Amazon launches beta of DRM-free music store

The anticipated Amazon online music store has launched. Still in beta, the new store, aptly named AmazonMP3 offers music in the DRM-free MP3 format (256 kbps). Amazon is more than happy to point out that this format allows them to be played on a greater number of audio players (including PCs, Macs, iPods, Zunes, Zens, iPhones, RAZRs, and BlackBerrys) than a similar offering from iTunes which will work only with an iPod. Amazon is also stressing that it aimed its service at people used to the

The service works with both Internet Explorer and Firefox and uses a custom program called MP3 Downloader to transfer songs down to your computer and load them into iTunes or Windows Media Player.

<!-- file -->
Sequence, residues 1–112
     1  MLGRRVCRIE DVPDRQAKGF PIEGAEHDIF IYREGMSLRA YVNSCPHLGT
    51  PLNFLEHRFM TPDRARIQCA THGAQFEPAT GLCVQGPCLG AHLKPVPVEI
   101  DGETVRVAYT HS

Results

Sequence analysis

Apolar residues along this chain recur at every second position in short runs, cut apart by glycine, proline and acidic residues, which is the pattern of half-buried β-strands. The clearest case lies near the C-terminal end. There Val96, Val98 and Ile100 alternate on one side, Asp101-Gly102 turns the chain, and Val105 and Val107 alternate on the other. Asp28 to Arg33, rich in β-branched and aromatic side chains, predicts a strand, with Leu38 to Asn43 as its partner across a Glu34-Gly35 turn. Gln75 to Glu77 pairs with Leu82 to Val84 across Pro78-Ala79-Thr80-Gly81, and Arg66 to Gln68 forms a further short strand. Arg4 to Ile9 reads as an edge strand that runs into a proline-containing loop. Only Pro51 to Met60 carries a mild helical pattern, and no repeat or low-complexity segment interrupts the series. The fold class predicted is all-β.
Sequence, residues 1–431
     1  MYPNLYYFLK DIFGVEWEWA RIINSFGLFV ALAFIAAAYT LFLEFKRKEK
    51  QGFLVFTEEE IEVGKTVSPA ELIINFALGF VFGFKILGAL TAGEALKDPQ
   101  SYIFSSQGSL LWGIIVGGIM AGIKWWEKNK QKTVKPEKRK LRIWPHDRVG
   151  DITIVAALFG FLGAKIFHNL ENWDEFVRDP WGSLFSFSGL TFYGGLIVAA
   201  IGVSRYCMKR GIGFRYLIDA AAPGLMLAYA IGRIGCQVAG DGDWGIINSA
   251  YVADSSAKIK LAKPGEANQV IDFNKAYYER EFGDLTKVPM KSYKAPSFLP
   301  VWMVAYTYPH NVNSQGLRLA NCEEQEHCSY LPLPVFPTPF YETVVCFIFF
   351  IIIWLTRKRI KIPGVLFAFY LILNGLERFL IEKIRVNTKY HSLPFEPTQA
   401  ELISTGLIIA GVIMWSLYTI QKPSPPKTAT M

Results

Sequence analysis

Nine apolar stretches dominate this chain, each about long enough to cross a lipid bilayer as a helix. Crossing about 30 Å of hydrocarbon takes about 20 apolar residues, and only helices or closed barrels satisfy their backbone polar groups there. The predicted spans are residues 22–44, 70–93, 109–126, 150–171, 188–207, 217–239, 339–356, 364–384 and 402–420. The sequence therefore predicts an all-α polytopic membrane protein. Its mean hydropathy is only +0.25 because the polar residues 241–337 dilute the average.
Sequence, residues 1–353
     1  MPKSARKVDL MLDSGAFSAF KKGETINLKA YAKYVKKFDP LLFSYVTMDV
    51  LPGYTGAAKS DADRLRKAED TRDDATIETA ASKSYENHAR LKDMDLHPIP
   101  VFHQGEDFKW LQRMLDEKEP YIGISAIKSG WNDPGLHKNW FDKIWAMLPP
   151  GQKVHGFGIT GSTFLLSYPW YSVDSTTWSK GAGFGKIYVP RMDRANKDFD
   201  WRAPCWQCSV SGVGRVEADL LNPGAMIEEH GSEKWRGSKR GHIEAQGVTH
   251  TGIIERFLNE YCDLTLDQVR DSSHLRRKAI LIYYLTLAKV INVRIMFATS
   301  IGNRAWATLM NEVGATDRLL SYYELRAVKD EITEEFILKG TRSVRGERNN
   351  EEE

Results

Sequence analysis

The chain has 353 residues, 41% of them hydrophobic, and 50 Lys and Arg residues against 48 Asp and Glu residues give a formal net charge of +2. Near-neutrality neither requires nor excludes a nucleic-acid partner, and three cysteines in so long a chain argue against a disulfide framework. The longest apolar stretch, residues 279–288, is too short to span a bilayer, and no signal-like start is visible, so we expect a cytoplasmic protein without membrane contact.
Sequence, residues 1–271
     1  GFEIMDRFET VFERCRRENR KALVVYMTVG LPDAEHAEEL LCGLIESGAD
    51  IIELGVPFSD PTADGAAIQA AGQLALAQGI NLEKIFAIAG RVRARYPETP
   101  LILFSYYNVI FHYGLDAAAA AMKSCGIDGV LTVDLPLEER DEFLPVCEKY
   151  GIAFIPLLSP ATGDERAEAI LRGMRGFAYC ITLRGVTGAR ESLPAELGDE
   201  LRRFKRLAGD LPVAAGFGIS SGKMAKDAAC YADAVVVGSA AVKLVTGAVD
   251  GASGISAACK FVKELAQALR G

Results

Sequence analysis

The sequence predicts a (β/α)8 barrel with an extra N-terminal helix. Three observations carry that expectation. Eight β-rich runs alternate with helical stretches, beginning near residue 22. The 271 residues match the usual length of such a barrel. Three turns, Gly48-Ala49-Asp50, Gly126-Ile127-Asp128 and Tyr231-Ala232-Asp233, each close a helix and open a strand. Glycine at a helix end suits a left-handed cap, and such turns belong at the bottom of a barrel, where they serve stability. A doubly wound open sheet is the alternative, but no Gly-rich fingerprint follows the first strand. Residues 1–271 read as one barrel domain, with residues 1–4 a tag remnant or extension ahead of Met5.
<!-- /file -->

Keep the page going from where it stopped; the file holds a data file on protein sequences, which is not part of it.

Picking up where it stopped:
AmazonMP3 is launching with some 2 million songs from more than 180,000 artists represented by over 20,000 major and independent labels. with most priced between US$0.89 and US$0.99. Full albums will range in price from US$5.99 to US$9.99. iTunes also offers DRM-free music but is more expensive ($1.29 USD a track) and uses the 256kbps AAC format.

It remains to be seen how well AmazonMP3 will do. It lacks music from both Sony-BMG and Warner Music who have not agreed to offer music free of DRM. And Universal is offering DRM-free music only for a limited time for now. If that does not change, Amazon could find itself with an even smaller catalogue. Then again, other studios could join AmazonMP3 if negotiations with Apple don’t go so well.

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